Solid data integration is essential to ensure that data is identical across systems. However, data first becomes relevant and valid when it is normalised and adapted to the company’s business needs. As mentioned previously, data is often supplied with different standards and formats, depending on the system, department or user. One of the first steps towards harmonisation of data from all your sources is to establish a naming standard.
Take addresses for example – in one system, the first line could be called “road”, in another “address” and in a third “address line 1”. In order to be able to use data, it is important to define a general naming standard that all users in your organisation are informed of. Then, you will be able to normalise the data further and push it out to “downstream” users such as Power BI, Tableau and HubsPot – regardless of the system from which the data originates.
In CluedIn, you therefore use a standardisation tool called “vocabularies”. We will delve deeper into “vocabularies” in a future blog post in the series, but briefly, you assign a standard name to each of your master data fields. The aforementioned address fields could be called [YourBusiness].Customer.AddressLine1. All data fields that are related to the first line of the address are merged into vocabulary to produce a single display. This not only gives you an easy overview of your master data, but it also solves the challenge of too much data. This way, you maintain focus on the data that is most important to your company, while getting rid of irrelevant data.
In order to get one combined display, you need to normalise data further into one standard, so that it can be processed and used together in a consistent way. There are several options for doing this in CluedIn, both for standardisation that is more static and will probably not need to be changed – such as normalisation of words so that upper case and lower case letters appear correctly – as well as for more dynamic standards that can change over time – also directly by a Data Steward.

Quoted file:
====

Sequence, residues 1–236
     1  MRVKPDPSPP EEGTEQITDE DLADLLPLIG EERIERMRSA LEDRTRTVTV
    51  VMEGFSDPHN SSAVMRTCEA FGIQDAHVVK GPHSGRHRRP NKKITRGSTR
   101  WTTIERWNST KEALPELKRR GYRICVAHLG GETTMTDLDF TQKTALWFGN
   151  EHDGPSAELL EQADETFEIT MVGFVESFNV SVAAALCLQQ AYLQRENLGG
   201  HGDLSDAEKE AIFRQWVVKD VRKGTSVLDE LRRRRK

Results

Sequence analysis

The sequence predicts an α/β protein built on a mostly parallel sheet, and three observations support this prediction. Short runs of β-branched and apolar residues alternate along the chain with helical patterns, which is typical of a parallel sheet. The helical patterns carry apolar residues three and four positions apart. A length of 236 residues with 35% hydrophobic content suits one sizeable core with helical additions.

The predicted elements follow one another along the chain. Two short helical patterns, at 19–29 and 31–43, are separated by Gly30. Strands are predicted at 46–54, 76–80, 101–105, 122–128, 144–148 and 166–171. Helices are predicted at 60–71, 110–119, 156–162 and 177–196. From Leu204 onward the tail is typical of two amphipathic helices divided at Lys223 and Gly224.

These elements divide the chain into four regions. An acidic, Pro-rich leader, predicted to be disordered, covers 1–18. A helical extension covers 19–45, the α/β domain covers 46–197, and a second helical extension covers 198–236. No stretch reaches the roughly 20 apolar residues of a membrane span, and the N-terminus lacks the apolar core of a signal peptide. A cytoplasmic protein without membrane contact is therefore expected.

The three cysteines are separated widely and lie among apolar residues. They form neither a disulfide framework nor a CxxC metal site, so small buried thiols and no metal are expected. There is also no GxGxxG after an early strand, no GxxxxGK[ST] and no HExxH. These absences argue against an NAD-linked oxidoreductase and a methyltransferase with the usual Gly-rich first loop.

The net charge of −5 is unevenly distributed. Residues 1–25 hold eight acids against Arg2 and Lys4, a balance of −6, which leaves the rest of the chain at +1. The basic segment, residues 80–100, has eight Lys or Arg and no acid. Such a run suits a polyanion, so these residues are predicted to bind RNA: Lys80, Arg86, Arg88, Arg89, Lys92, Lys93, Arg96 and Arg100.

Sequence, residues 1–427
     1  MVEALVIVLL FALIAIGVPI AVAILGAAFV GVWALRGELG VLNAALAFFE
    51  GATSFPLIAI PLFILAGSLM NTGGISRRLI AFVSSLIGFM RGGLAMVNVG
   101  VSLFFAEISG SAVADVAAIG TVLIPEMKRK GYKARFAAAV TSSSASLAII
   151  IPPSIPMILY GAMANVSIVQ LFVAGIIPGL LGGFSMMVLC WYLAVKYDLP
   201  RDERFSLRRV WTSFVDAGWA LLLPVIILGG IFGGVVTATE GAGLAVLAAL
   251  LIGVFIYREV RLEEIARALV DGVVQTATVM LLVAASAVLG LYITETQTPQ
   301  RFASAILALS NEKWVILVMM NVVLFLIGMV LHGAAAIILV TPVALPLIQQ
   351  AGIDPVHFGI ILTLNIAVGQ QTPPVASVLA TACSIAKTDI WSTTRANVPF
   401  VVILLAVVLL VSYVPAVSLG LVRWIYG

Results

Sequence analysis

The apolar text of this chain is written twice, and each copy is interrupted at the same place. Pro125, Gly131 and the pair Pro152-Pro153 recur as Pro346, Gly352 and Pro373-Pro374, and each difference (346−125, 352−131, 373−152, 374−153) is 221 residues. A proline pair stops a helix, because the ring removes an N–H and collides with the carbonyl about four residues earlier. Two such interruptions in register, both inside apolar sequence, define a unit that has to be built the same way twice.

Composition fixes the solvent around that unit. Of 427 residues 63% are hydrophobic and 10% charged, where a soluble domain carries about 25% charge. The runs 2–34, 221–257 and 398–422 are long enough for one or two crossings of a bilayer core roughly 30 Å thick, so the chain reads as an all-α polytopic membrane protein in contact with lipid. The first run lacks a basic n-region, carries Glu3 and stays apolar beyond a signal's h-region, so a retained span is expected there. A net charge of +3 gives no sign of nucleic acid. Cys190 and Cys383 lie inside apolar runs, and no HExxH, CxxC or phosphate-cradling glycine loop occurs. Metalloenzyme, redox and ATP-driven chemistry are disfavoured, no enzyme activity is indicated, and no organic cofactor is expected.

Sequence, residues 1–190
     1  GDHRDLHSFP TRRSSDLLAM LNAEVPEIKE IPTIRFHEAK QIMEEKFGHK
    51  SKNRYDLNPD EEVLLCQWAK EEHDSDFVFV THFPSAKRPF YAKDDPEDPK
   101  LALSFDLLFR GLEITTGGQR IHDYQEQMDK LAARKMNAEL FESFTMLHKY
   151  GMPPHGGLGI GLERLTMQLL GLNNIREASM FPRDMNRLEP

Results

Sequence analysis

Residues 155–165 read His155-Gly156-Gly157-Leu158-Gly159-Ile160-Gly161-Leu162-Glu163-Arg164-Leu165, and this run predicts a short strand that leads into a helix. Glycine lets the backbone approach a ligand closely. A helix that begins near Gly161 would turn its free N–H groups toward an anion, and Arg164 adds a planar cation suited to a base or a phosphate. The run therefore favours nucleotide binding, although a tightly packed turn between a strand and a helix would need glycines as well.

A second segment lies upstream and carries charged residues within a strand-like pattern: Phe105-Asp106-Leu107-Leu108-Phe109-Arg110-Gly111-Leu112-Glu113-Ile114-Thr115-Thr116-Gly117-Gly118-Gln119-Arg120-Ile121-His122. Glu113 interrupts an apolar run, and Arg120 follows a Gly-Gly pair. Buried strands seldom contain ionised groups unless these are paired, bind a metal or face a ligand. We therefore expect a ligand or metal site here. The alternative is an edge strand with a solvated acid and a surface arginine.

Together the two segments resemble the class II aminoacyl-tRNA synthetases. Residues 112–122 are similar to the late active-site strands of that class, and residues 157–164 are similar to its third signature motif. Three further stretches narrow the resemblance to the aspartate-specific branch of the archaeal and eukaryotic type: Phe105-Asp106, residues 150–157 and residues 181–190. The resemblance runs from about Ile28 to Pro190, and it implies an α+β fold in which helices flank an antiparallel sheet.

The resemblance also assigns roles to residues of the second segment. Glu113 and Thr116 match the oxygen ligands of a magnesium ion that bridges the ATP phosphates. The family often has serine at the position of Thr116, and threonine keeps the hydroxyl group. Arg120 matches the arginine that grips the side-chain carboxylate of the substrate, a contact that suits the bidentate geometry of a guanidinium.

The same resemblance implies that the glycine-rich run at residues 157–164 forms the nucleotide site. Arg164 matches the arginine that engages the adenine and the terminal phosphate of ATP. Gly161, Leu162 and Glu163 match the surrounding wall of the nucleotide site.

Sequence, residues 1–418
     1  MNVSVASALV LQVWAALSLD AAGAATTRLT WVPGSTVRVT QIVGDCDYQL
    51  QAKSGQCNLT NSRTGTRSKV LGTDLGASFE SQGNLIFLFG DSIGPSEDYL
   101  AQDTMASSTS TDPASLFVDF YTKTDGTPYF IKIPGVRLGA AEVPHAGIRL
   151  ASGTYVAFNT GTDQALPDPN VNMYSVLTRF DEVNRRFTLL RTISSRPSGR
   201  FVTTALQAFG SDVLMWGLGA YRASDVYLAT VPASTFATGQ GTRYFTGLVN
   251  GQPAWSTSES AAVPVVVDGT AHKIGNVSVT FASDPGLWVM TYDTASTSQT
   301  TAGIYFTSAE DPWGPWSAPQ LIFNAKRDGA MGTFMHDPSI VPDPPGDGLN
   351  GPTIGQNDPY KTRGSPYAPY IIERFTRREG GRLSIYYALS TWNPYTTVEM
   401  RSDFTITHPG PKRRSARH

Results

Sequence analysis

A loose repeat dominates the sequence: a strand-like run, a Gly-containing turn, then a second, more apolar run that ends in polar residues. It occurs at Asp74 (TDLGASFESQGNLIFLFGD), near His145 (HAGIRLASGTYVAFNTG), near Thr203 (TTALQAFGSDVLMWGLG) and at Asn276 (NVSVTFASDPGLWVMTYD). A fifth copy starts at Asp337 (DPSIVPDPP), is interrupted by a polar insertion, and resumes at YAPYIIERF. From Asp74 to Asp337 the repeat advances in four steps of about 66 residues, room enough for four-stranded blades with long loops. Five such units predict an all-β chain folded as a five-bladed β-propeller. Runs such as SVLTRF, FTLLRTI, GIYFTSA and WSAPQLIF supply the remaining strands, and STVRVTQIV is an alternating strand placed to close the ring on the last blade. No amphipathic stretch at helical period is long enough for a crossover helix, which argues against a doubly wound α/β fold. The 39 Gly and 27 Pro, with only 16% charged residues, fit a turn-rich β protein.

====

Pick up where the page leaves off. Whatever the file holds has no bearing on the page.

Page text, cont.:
For example, this could take place by changing values into a common standard (see the example in the figure below) when systems have different standards for a field. It could also take place by removing irrelevant data – such as all N/A and zero values or non-numerical values in a VAT field – so that you can be more confident that the field contains a correct VAT number.
Figure: Illustrated example – customer flag.
The advantage of using normalisation rules like these is that they give your data more meaning. Data should be re-organised in such a way that the users can correctly use this data for further enquiries and analyses. And by changing to a common standard and values, you get data that can compared, which eliminates the risk of misinterpretation and incorrect use. For example, if you want to analyse how many customers you have, it will be easier if the customer flag only has two values which specify whether it is a customer – “yes” or “no” – instead of having to decide about several different formats.
Data can always be updated and changed further in the CluedIn Clean tool.
Using the CluedIn Clean tool, you can find holes in data, identify potential normalisation rules and bulk-clean data. As already mentioned, the VAT field can be very important to your company, and you therefore need to ensure that the VAT field actually contains a correct VAT number in a specific format. By using this function in CluedIn, a Data Steward can easily perform a cluster analysis on the VAT field and identify VAT numbers that do not match the correct standard. For example, they may contain incorrect characters, no country codes or spaces. Some of the results can be potential candidates for normalisation rules, while others can be cleaned and updated directly in the Clean tool.
The result of these integrations and normalisation steps is data that is harmonised in a single display and ready to be used by downstream users, which is the key for becoming a data-driven organisation.